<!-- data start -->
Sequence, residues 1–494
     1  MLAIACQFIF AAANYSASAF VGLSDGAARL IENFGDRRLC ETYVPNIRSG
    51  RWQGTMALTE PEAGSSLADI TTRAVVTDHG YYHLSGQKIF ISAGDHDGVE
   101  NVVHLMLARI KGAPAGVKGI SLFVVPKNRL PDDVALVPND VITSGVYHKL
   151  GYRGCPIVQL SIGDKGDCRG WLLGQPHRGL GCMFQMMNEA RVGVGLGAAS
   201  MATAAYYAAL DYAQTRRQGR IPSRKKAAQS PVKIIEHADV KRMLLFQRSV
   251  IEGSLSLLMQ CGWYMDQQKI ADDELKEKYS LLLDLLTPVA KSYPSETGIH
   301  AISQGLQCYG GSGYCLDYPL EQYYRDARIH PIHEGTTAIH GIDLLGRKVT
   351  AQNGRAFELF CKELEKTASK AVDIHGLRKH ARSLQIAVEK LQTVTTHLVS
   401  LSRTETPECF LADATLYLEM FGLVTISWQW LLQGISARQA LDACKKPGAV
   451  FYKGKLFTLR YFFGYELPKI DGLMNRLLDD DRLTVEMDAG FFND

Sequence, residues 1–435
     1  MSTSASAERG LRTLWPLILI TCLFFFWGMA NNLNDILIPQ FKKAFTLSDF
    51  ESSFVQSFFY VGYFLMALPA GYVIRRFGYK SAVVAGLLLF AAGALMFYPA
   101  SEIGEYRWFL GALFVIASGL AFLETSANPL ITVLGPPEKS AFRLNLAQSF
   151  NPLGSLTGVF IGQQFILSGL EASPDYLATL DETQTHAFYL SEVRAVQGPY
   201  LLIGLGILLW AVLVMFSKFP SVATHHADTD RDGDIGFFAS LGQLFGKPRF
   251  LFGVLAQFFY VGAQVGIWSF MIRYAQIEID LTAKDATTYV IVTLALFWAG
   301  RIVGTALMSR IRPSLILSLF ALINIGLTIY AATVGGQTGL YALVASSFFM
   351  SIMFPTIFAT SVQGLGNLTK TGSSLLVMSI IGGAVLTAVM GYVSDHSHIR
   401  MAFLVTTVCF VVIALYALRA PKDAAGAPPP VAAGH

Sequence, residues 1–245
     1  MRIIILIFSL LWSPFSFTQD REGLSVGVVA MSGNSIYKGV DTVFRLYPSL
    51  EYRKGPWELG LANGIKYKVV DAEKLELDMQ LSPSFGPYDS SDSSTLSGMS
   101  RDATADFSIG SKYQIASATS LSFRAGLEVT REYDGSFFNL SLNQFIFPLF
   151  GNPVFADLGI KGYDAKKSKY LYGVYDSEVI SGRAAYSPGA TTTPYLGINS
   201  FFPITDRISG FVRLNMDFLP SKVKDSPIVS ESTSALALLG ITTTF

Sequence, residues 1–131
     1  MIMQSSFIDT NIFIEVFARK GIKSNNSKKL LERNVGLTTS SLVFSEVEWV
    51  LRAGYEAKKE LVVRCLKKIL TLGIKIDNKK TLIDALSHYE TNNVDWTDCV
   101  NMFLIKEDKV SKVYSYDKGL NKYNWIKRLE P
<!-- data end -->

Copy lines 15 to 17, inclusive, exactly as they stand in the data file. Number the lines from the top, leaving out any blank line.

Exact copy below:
   101  SEIGEYRWFL GALFVIASGL AFLETSANPL ITVLGPPEKS AFRLNLAQSF
   151  NPLGSLTGVF IGQQFILSGL EASPDYLATL DETQTHAFYL SEVRAVQGPY
   201  LLIGLGILLW AVLVMFSKFP SVATHHADTD RDGDIGFFAS LGQLFGKPRF